BY TATIRA ZWINOIRA
THE United Nations Development Programme (UNDP) Zimbabwe says in the absence of a robust social protection scheme, the government must devise ways to keep the informal sector open during the ongoing lockdown to slow down the spread of coronavirus.
President Emmerson Mnangagwa last week extended indefinitely the lockdown that began on March 30, with only established businesses allowed to operate.
The informal sector remains closed, putting thousands of jobs at risk and UNDP has now warned that the situation was not sustainable.
“In the absence of a robust social protection programme, and, especially, a Lifeline Fund or its variant to support small-scale traders and businesses in the informal sector, it is prudent to devise ways of keeping such businesses and even more established formal ones operational during the lockdown,” part of the latest UNDP Zimbabwe policy brief reads.
“A complete lockdown could lead not just to loss of income and jobs, but also social unrest.”
The policy brief — titled A Preliminary Assessment of the Socio-economic Impact of Coronavirus (Covid-19) on Zimbabwe — was released last week.
“The critical public investments in this regard should be aimed at providing basic social services such as running water and sanitation facilities in markets and ensuring strict adherence to the set hygiene practices, including use of face masks, regular handwashing/sanitisation and social distancing,” the UNDP added.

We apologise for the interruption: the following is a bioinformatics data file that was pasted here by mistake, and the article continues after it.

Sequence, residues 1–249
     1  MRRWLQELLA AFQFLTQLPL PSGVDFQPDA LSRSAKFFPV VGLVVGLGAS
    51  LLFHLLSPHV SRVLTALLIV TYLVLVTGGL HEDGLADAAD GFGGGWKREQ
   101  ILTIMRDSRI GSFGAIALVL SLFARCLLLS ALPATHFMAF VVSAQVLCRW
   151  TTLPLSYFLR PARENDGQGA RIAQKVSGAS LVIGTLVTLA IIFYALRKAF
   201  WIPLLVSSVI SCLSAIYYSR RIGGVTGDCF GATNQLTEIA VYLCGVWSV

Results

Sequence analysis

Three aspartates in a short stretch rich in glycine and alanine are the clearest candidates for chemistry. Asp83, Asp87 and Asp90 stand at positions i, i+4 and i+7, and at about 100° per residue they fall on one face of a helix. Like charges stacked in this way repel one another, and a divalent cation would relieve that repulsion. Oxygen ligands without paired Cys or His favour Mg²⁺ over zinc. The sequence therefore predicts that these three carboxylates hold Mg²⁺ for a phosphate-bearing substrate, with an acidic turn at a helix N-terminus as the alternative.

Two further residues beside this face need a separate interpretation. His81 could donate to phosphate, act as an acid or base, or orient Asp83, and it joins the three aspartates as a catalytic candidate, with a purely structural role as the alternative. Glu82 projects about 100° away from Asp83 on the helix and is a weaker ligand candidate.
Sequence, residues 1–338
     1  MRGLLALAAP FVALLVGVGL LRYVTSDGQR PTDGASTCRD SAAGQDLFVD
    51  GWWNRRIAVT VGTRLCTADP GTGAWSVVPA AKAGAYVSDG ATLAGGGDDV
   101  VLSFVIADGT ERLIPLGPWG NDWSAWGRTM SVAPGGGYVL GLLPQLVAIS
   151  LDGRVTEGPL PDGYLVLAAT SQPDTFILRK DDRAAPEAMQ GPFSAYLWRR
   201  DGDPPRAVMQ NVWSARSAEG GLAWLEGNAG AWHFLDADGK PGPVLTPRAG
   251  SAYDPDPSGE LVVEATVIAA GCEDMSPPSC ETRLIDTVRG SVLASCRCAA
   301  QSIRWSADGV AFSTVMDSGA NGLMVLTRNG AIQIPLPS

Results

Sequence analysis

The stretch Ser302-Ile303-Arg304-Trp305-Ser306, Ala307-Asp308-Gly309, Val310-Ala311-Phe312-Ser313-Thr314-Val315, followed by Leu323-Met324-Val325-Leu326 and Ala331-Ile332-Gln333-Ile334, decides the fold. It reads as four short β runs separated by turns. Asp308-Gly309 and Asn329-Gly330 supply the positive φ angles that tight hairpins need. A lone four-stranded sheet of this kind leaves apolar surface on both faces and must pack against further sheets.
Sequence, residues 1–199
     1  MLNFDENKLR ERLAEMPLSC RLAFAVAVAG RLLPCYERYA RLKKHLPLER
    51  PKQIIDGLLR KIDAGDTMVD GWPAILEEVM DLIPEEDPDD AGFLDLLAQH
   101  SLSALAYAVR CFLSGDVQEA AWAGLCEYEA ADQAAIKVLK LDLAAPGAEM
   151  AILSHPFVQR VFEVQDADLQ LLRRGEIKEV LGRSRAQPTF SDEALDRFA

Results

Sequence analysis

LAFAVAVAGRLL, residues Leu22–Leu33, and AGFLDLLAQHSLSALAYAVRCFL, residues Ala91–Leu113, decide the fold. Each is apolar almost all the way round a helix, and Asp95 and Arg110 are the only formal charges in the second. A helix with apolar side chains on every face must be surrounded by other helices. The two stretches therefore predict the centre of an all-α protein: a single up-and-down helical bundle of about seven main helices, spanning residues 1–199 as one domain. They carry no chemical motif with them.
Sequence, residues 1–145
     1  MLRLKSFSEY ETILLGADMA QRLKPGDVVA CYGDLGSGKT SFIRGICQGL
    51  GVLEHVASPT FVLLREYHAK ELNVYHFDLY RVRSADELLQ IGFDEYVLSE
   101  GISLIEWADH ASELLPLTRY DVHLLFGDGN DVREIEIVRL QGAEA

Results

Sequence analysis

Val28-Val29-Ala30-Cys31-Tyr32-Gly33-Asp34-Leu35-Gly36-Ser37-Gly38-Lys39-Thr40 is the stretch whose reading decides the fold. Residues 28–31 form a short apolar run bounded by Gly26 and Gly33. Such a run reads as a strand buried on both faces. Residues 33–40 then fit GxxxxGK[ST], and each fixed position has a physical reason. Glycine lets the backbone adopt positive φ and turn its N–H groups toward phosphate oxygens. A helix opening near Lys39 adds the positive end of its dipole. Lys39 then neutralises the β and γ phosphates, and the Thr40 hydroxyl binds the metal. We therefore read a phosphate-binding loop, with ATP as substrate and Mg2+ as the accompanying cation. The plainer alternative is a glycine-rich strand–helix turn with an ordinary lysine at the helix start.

Over the past decade, Zimbabwe’s economic growth has been on the decline.
Last year, the economy contracted 8,4% and this year it is expected to decline by 7,4%, according to International Monetary Fund estimates.
UNDP said the Covid-19 pandemic would affect Zimbabwe’s fuel supplies, trade, tourism, diaspora remittances, household income, and food security.
“Continued contraction in the magnitude highlighted above, or more given the fragility of the economy, would be disastrous, affecting, disproportionately, the poor and vulnerable, small and informal businesses, as well as small-scale agricultural producers,” it added.
“Delayed imports of goods could increase shortages of basic consumer and intermediate goods and thus fuel further inflationary pressures in the country — imported inflation.
“These, together with wide currency fluctuations and possible rising debt in the wake of the increased demand for goods and services for effective response to the pandemic, could dampen growth further and discourage the much-needed investments.”
From the $18 billion stimulus package announced earlier this month, Treasury allocated $500 million to small to medium enterprises, and $2,4 billion as a food grant to support one million vulnerable people for a period of eight months. Beneficiaries of the food grant include 200 000 micro-enterprise owners.
UNDP Zimbabwe urged the government to mobilise additional resources in order to expand the available fiscal space and urged greater efficiency in the application of scarce resources.
This could be done by “curbing wastages, duplication and leakages given the limited scope for additional borrowing and huge inflows of external aid”.
“Relatedly, the government should address, as a matter of urgency, illicit financial flows from the country, especially from the extractive sector,” the policy brief reads.
“While the above measures would lead to enhanced domestic resource mobilisation, it is also evident that the response requires additional international support.
“Hence, there is a need for a well-coordinated aid architecture to be established as an integral part of the response.
“Such a robust aid architecture could also be leveraged to support the recovery agenda post the pandemic.”
According to various research reports, Zimbabwe is losing an average of US$1 billion to corruption, US$1 billion to smuggling and over US$1 billion to subsidies annually.